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Pocketmags Digital Magazines
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Reverend Bizarre’s twelve year existence was both a triumph and an excruciating experience for all of those who lived through it. They may have given the classic doom scene an essential kick up the arse but it was already a miracle in itself that they survived that long in the first place considering how different each of their three members were.

Out of the bunch, their guitarist Kimi Kärki (aka ‘Peter Vicar’) was probably the only one you could call ‘normal’. A proud husband and father, he’s also a renowned Turku university teacher and officially a doctor in philosophy. He immediately formed Lord Vicar after Reverend Bizarre’s demise in 2007 with Chritus (former Count Raven and Saint Vitus frontman) and Garreth Millsted (former Centurions Ghost and End of Level Boss drummer) and over the course of nine years, they’ve released three albums (including the brand-new ‘Gates Of Flesh’), three splits and one EP despite being spread over three different countries. But to some, they have yet to step out of the towering shadow of his former venture and it’s something Kimi has learnt to live with. And besides, Reverend’s own Sami Albert “Witchfinder” Hynninen played bass on their last European trek, as if they were acknowledging it themselves…

“Playing in Reverend Bizarre was like falling into a cement mixer,” Kimi smiles. “It was a very fucked up thing and with a step back, I realized that all those aliases we were using, we had set up our own little theater, a theater of cruelty! Plus Sami was so productive that he would usually come up with 80% of the material. So I had some songs left when we fell apart and I loved that music so much that I knew I wanted to carry on playing it. I was lucky enough to find the right musicians to do so and the resulting vibe was so different, from day one it’s always been very laidback and easy going. The first time I met Chritus, we spent a whole evening just drinking, listening to our favourite records and talking about what mattered the most to us in music. So we really took the time to mature together and with the years, our arrangements became a bit more complex and slowly but surely, we ended up with a sound based on classic doom metal with progressive and classic rock elements. That’s why on the new album the first two songs feel like one long epic or why there’s also an instrumental with acoustic guitar and mellotron or some pure doom jackhammer. It’s all there, even if we made a shorter album on purpose this time around. These days, anybody seems to fill discs just for the sake of it whereas we planned ‘Gates Of Flesh’ like a ’70s vinyl record, with a distinctive personality on each side. The trickiest part is that we have to organize our schedule at least one year ahead due to everybody’s life being a bit more complex but we’ve managed so far. For instance I know already that I’ll spend the first half of next year for my research so we really want to hit the road in Europe next fall and even hope to have quite a special EP ready by then too, to make do as 2017 will most likely be a quiet year for us.”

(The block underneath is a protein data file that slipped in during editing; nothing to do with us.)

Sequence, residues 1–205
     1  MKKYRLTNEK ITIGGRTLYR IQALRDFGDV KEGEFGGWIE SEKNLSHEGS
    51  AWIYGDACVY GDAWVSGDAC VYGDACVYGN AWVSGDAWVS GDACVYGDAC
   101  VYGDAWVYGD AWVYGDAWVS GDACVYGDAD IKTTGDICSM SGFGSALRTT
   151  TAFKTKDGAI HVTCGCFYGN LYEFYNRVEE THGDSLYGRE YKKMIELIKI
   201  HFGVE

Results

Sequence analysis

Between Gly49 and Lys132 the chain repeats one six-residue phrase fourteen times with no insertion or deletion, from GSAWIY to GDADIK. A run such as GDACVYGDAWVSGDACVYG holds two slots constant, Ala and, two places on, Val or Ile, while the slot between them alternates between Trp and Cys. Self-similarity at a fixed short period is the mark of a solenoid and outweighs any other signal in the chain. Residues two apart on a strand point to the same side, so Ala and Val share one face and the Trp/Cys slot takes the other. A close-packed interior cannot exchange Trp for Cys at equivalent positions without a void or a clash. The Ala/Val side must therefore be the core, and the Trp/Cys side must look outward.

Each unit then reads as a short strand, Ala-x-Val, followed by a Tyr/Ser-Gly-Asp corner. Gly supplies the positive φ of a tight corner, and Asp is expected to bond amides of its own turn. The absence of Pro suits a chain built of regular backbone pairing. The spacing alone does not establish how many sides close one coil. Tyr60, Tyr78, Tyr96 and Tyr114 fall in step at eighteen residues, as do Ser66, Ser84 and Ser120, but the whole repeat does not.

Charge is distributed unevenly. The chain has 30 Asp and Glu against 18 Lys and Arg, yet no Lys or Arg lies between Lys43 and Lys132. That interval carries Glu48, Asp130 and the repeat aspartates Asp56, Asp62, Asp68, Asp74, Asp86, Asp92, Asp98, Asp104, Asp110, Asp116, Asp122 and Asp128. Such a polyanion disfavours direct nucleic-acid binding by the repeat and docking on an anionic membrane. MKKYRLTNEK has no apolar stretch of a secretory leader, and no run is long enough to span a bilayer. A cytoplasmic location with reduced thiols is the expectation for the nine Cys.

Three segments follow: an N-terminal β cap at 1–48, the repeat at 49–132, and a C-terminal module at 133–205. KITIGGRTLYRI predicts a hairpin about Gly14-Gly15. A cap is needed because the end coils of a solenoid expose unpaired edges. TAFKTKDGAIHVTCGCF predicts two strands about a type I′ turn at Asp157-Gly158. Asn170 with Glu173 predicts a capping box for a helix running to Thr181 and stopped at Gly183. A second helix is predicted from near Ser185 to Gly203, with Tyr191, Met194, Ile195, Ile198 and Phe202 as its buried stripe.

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I know I am not alone when I say I’m a sucker for being nostalgic. The thing about loving music is that because it plays such a massive part in my life, when I listen to things, it invokes so many memories. I always find myself taking myself back to when I first heard said record, who I was with, what I was doing and so on. Right now as I write this, I’m listening to Prong’s ‘Force Fed’ album, recounting all the shows I saw Tommy and co in at the now defunct Birmingham Edwards No.8 club during my teens. Those shows were immense, even if the number of punters wasn’t! I’ve seen them in more recent years and still enjoy their musical output, but those early days to me, personally, were special. What has this got to do with anything, I hear you say? Well really, it’s the same reason as why I wanted to put Mastodon on the cover of this month’s issue ahead of their headline performance at Bloodstock. You see, Mastodon are one of those seriously special bands, who have not only etched themselves in my own nostalgia bank (hey, anyone who witnessed their debut capital gig at London’s Underworld supporting High On Fire will always remember that show) but more importantly, into the wider scheme of metal’s rich history. Never once have they repeated themselves musically and consequently they have successfully created a stunning discography that continues to remain vital as the years go by. Mastodon were a game changer and their Bloodstock show allows us a chance to remind ourselves just why we love them so much. In their own words, our cover feature allows the quartet look back at their career to date and look forward to the future too. Crack open a bottle, stick any of their albums on the stereo, flip to the interview and enjoy some nostalgia yourselves! Darren Sadler, Editor